Cognizant Computing To Have Great Impact On Consumer IT
Gartner has released a new report predicting that cognizant computing, which the research firm says is “the next phase of the personal cloud movement, will become one of the strongest forces in consumer-focused IT in the next few years and will have an immense impact across a range of industries, including mobile devices, mobile apps, wearables, networking, services and cloud providers.
Jessica Ekholm, research director at Gartner states that cognizant computing is transforming personal clouds into highly intelligent collections of mobile apps and services. With data analytics as its key component, cognizant computing uses simple rules and data associated with an individual to create services and activities delivered across multiple devices. Examples include alarms, payments, health and fitness monitoring and management and context-specific advertisements.
“Cognizant computing is already beginning to take shape via many mobile apps, smartphones and wearable devices that collect and sync information about users, their whereabouts and their social graph,” added Ekholm. “Over the next two to five years, the Internet of Things and big data will converge with analytics. Hence, more data will make systems smarter.”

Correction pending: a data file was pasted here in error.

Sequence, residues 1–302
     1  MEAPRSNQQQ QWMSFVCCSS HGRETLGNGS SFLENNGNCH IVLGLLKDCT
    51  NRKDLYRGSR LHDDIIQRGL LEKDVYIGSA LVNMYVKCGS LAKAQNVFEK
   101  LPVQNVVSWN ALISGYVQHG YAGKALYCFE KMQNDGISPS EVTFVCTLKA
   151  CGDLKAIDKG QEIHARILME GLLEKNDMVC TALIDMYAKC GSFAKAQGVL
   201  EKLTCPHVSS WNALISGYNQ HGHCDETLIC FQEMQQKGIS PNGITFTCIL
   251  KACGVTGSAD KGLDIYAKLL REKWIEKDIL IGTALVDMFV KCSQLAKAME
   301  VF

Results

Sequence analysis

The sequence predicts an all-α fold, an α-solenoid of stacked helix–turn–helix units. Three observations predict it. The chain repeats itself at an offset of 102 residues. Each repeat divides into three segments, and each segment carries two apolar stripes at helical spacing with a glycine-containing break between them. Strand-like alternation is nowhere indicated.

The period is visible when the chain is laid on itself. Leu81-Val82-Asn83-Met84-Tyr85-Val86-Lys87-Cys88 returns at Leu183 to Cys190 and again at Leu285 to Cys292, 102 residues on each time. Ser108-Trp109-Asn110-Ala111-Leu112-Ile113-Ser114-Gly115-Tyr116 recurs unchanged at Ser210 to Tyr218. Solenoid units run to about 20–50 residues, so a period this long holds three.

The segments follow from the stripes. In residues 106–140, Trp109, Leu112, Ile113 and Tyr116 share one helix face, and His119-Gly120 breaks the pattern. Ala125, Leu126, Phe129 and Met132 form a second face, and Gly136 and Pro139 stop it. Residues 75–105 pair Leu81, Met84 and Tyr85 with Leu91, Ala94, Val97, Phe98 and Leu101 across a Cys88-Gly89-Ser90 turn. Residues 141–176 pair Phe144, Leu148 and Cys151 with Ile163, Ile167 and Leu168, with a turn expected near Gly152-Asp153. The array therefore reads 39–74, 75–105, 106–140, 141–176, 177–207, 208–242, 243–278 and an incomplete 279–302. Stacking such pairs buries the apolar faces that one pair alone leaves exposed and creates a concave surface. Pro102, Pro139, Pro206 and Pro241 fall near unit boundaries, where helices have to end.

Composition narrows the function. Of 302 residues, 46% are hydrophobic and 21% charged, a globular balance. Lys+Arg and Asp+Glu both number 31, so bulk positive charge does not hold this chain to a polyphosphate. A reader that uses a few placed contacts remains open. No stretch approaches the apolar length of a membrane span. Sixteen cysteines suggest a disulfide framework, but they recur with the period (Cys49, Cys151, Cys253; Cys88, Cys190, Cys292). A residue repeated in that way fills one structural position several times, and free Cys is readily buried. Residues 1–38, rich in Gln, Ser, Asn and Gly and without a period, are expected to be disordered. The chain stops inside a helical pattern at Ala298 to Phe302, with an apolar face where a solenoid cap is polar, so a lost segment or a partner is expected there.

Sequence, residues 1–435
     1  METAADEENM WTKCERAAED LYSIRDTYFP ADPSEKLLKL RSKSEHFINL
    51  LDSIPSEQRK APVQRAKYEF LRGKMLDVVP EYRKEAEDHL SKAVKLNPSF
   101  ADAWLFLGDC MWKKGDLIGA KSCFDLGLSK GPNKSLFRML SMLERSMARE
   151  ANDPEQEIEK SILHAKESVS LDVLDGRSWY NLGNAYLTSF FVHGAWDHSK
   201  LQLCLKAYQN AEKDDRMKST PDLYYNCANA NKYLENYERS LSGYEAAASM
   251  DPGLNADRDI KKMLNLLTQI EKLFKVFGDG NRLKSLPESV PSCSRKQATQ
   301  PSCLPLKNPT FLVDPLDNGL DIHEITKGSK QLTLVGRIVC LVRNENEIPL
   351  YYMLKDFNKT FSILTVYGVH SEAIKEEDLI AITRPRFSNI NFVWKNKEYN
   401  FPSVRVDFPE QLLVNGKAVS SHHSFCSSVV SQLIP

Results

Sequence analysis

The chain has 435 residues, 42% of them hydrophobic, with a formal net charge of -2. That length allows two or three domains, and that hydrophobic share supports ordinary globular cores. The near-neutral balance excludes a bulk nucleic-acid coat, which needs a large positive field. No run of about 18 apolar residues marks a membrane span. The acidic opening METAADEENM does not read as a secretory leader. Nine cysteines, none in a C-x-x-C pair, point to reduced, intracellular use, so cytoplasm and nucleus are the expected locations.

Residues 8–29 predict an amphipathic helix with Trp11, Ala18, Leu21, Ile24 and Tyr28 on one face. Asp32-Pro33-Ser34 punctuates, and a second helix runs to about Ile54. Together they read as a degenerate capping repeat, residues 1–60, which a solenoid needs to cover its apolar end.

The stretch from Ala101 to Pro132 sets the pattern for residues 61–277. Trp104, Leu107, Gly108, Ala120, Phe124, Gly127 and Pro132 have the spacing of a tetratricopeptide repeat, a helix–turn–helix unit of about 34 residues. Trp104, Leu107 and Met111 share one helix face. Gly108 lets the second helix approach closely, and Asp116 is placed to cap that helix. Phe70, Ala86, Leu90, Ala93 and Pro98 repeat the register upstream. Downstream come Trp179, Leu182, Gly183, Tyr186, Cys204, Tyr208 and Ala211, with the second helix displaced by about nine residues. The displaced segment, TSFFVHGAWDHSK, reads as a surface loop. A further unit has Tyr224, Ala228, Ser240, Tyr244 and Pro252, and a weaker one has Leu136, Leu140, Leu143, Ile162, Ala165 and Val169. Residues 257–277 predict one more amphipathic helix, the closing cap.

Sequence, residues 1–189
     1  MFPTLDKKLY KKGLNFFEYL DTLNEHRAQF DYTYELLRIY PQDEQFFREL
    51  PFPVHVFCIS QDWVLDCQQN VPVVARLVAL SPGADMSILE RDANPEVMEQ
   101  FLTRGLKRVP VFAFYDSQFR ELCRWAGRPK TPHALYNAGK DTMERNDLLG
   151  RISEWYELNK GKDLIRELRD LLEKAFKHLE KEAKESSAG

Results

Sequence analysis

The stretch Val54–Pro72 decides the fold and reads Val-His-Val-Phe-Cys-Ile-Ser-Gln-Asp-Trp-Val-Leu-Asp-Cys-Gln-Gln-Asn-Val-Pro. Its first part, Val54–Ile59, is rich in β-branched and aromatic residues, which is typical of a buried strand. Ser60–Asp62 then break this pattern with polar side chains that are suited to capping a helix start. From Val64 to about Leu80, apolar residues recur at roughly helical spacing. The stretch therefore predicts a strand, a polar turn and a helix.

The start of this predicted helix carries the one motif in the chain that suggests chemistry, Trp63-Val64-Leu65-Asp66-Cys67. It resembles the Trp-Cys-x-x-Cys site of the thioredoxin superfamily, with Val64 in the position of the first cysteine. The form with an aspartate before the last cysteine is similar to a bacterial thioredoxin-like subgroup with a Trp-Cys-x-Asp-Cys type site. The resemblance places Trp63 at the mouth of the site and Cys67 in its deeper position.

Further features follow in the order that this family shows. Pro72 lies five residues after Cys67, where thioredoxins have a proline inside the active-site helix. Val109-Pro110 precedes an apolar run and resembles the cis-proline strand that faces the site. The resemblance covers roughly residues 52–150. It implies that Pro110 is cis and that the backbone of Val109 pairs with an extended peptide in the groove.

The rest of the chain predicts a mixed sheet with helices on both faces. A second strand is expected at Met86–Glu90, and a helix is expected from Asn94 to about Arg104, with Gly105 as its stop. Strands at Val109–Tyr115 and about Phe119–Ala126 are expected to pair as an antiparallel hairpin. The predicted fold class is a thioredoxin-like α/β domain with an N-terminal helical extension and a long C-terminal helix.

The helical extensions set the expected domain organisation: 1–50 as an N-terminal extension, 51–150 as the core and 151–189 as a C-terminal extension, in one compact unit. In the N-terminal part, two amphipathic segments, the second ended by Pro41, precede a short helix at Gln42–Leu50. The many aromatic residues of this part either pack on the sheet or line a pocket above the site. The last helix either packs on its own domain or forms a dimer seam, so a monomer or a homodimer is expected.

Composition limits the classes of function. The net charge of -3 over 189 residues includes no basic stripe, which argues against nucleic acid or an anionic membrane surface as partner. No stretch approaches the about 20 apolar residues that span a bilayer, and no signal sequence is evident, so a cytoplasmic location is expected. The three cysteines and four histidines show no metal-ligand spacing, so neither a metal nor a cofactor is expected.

As a result, smartphones will manage many tasks, such as booking a hotel in the event of a cancelled flight, scheduling maintenance appointments for vehicles or sending doctors information for repeat prescription renewals, for users by 2017. Cognizant computing will also allow organizations “to better connect with customers and to create more valuable products, services and offers,” said Ekholm.
“By amalgamating and analyzing data in the cloud from many sources (including apps, smartphones and wearable devices, websites, store purchases, and social interaction), cognizant computing will provide contextual insights,” according to a company news release. This will help organizations “to innovate and create new business opportunities by creating hypercontextual services that will appeal to a dedicated individual — rather than catering to the mass market.
However, critical issues will have to be addressed including consumer privacy, quality of execution and becoming a trusted vendor, says the research firm. As consumers move their attention and money toward apps and services, B2C device vendors will be forced to forge partnerships with apps and service providers and create increasingly innovative business models that meet consumers’ needs by providing integrated services and apps to drive hardware sales.
“Consumer device manufacturers are placed in a formidable scenario of trying to compete with service and apps providers while keeping their brand fresh and exciting for end users,” stated Ekholm. “The more obvious answer would be for them to start offering apps and services — which many have done over the years, with varying degrees of success,. However, their best tactic would be to partner with app and service providers, in order to have a better chance of succeeding in this space,” she summed up.
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